- Ryan Wheeler started a lunch group with a multi-purpose goal: to bring several 5th grade boys together socially, while also linking a literacy component to the weekly event.
- Wheeler would prompt conversations with simple questions, tying the focus through a book titled "Rules of a Knight," he writes in Edutopia. The boys learned basic social skills, while also being encouraged to treat each other politely and respectfully.
- While they first felt wary of why they’d been asked to join the group, they boys eventually bonded, and as their friendships grew, so too did their confidence in class, Wheeler writes.
Taking a lunch break is a luxury even few working adults feel they can afford. Sandwiches are consumed at desks as reports are typed, or meals double as meetings. At some high schools, students can give up their lunch break to double-down on extra classes, while lunch time clubs are popular activities where socializing, meals and activities can happen in tandem.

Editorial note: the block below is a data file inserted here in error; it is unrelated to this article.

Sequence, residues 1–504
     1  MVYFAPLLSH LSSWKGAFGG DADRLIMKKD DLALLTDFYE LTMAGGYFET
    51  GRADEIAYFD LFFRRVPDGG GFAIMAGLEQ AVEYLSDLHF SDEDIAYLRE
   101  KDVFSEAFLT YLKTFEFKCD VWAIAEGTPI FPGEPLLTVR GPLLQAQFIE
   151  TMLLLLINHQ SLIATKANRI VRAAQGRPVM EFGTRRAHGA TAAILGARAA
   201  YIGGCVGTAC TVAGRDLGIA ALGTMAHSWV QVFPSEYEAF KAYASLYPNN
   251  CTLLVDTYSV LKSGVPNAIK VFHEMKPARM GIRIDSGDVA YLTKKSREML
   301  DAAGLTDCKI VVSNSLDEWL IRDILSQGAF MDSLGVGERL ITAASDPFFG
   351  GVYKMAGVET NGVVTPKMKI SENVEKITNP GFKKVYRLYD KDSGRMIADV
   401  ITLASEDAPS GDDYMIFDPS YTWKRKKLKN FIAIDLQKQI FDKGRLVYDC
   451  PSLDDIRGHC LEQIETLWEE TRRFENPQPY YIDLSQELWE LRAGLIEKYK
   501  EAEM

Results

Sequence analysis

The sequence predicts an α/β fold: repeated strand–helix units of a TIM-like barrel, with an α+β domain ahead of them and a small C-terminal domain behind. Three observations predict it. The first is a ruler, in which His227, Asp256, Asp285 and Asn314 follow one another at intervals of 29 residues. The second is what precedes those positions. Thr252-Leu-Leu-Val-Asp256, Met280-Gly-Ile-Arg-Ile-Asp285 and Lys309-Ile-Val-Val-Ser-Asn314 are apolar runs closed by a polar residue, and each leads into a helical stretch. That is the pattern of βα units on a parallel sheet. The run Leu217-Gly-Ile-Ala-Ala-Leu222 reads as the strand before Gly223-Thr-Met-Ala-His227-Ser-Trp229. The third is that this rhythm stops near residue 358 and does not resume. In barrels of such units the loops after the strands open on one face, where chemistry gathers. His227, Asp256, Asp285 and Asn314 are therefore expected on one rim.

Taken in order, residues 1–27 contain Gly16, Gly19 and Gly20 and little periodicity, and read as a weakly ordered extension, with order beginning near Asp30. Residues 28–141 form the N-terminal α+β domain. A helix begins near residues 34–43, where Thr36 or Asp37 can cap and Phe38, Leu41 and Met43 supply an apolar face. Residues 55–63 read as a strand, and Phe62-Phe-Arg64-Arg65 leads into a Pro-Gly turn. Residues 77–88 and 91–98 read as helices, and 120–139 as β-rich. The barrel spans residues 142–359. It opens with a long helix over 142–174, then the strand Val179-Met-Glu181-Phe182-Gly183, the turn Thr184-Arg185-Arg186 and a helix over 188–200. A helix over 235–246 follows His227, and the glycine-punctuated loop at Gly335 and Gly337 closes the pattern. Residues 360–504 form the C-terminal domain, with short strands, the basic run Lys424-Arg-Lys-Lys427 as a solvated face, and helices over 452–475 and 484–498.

Using these breaks as an add-on to academics is certainly possible, as long as students don’t feel they’re losing downtime. Lunch groups are a great way to enhance social and emotional learning (SEL) lessons, weaving aspects like respect for others into a literacy component. Holding lunchtime reading clubs could be one avenue, having students meet once a week around a favorite book series, and even suggesting students lead the discussions themselves — with some direction and guidance from teachers.
Administrators who want to encourage these clubs during the day should ensure that teachers don’t try to push academics overtly into the time. Everyone needs a mental breather. Lunch clubs, which potentially can infuse SEL tools into the curriculum, still need to be seen by students as a shift from their academic day.